VICE: What sparked the idea for this film?
Victoria Fiore: I’ve been away from Naples for a very long time, and I saw how my cousins had become so different to me. I came to London and had access to an education my family back home did not. The girls are at home, cooking, happy to get married, in their very traditional roles. A lot of the guys didn't go on to study anything and they're sort of doing what they can to survive. So I started thinking about what the difference was, then I started being very interested in adolescence and where the shift could have been. That led to speaking to social workers and groups to understand a bit more, and through that I met Eleonora dell'Aquila, who introduced me to the kids.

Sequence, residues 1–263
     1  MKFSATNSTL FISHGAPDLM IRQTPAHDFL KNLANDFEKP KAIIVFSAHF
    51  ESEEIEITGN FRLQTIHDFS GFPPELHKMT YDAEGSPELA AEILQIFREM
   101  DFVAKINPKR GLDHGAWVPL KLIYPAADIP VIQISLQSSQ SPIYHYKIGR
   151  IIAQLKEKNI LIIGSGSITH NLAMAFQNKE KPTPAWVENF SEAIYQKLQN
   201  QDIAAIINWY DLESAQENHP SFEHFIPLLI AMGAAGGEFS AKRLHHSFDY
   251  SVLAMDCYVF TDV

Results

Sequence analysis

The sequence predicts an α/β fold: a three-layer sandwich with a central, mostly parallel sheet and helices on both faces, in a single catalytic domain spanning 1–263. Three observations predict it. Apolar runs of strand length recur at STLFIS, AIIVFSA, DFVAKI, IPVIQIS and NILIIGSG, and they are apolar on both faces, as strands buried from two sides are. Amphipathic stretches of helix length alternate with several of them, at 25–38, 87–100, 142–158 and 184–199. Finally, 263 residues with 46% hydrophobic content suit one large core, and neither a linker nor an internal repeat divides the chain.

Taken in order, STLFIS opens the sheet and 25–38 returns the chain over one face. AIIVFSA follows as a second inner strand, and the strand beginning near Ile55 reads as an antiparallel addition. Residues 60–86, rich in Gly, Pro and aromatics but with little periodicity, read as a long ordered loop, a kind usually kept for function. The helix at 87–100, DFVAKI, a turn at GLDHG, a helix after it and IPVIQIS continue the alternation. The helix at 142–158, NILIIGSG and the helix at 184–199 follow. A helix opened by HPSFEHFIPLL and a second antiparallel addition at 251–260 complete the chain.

I can imagine they would be a pretty hard group to crack – presumably it was because the boys trusted Eleonora that they knew they could trust you too?
Absolutely. Eleonora and her boyfriend, Massimiliano, are doing incredible work out there. Through her being so candid and relatable the kids have opened up to her, and they tell her about absolutely anything and know they’ll face no judgment. She really does help them. How she is separates her from a lot of other social workers, who are a lot more Catholic or ideology-driven, and then there are people like her, who are normal and cool, who support the bonfire. A lot of social workers don’t support the bonfire – it's about 50/50 – but she sees it as something good.
Why are the police so against the bonfire?